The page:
Police Scotland has been reported to the Equalities and Human Rights Commission (EHRC) after a senior officer implied the head of a domestic abuse charity was guilty of a ‘hate crime’ for upholding the reality of biological sex.
Nicola Murray, founder of a domestic abuse charity for pregnant women, was visited at home by police officers who wanted to ‘ascertain her thinking’ behind tweeting her concerns about remarks made by the transgender CEO of the Edinburgh Rape Crisis Centre.
Mridul Wadhwa, a man who now lives as a woman, said last year that victims of sexual violence should expect to be “challenged on their prejudices” if they express “bigoted” views, and that women who uphold the reality of biological sex are enabling “fascists who want to eliminate trans people”.
Murray tweeted that the comments were “deeply concerning”, and said the charity would no longer be making referrals to the Centre, adding: “We are a women-only service run by women for women and will not be intimidated into changing our stance on this matter.”
She was “shocked and panicky” after the police turned up asking her to explain herself, despite acknowledging that no crime had been committed.
When asked to defend its actions, the force’s Assistant Chief Constable, Gary Ritchie, said: “Hate crime and discrimination of any kind is deplorable and entirely unacceptable.”
Women’s group Fair Play for Women complained that Richie’s response was “inaccurate and misleading” and asked the EHRC to investigate whether Police Scotland had breached its Public Sector Equality Duty under the Equality Act 2010 to “foster good relations between persons who share a relevant protected characteristic and persons who do not”.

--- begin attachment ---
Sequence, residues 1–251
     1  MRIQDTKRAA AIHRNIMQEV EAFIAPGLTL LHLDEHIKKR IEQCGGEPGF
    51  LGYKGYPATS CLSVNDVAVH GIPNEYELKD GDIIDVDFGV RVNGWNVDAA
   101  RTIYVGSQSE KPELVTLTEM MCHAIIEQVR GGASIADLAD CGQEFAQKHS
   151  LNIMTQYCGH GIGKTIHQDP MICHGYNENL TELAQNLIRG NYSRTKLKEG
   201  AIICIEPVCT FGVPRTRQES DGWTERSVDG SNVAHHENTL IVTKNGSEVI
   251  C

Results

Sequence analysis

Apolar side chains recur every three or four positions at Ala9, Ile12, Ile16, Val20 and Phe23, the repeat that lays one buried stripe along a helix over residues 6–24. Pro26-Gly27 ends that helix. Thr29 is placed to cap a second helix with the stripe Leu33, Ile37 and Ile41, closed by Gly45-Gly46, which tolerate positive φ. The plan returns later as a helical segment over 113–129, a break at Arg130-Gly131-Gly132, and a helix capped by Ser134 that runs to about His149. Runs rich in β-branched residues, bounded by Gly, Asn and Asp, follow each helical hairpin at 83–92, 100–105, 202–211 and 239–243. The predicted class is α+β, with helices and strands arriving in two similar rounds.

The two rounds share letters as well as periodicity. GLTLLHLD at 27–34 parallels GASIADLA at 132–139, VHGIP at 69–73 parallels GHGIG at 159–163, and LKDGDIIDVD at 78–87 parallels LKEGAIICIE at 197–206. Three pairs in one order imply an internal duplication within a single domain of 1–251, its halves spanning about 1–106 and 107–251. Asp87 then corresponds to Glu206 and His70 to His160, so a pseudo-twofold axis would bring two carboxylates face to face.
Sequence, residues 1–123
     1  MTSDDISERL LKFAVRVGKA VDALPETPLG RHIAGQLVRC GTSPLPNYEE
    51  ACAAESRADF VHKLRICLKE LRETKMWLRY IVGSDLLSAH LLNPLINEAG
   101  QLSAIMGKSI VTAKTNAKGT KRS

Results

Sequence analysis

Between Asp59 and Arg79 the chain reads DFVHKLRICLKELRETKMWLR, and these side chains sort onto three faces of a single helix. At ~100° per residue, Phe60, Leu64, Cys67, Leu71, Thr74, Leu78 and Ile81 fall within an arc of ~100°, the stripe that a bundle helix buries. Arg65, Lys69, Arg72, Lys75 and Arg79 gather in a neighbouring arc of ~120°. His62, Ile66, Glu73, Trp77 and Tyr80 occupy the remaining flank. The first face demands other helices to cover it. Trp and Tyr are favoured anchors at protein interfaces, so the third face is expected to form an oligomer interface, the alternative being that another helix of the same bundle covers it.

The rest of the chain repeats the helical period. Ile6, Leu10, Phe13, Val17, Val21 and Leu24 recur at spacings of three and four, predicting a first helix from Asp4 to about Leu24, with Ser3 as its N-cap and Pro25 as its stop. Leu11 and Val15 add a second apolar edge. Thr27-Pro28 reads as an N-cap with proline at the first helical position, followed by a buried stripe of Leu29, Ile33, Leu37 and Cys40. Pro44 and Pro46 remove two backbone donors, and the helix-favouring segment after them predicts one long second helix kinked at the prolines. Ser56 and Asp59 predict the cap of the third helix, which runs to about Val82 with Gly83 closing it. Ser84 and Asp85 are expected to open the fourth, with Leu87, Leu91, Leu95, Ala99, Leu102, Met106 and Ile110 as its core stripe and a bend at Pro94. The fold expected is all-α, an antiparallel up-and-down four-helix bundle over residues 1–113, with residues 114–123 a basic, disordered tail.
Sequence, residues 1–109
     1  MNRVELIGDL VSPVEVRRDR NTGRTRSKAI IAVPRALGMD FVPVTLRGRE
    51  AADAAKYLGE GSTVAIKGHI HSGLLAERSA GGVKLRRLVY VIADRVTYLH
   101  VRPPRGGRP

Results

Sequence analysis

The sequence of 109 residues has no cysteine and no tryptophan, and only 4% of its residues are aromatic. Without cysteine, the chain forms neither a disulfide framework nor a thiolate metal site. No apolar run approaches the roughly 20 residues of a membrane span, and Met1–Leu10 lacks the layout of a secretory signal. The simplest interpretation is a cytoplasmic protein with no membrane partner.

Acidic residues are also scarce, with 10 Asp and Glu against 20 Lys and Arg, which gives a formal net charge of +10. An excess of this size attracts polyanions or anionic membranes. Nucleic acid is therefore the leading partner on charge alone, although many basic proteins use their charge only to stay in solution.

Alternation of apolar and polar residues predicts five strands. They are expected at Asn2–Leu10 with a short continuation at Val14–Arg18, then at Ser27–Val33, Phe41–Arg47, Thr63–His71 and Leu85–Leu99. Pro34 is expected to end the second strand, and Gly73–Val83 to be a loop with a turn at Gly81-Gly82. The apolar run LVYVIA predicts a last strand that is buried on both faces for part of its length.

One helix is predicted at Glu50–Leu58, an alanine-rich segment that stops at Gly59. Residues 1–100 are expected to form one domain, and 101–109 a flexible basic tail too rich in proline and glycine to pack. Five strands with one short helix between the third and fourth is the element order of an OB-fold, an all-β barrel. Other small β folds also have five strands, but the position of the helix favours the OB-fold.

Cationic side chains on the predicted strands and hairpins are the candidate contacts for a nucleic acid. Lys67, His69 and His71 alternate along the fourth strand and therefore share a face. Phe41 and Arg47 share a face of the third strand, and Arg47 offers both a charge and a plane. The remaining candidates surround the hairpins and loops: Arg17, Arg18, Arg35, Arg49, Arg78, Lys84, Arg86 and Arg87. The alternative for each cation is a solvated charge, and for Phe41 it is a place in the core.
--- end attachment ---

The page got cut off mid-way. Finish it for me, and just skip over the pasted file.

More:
‘Stuff of totalitarianism’
Nicola Williams, Director of Fair Play for Women, said: “It can be both necessary and lawful to sometimes treat people differently depending on what sex they were born. It’s a no-brainer that this would apply to a pregnancy-related service like Brodie’s Trust.
“The statement by Police Scotland vilifies the lawful use of female-only spaces and demonstrates a woeful lack of understanding of discrimination law and the needs of women and girls. They must now put the record straight.”
SNP MP Joanna Cherry likened Murray’s police visit to “the stuff of totalitarianism” while leading Scottish advocate Roddy Dunlop QC, warned: “We don’t have the thought police in this country. Or at least we shouldn’t.”
Police Scotland declined to comment on the complaint to the EHRC.
In 2019, former police officer Harry Miller was visited at his workplace by the police after they received a complaint about a ‘transphobic’ tweet, leaving Miller with the impression he could be prosecuted.
They told him to ‘check his thinking’, and despite the fact no crime had been committed, officers recorded the complaint as a non-crime hate incident.
A High Court judge ruled in early 2020 that the police visit had been an unlawful interference with Miller’s free speech, and late last year, the Court of Appeal ruled in Miller’s favour in a separate case challenging the legality of police guidance on recording ‘non-crime hate incidents’.
The judges said the guidance was unlawful and that recording perceived offences in a police database was likely to have had a serious “chilling effect” on public debate.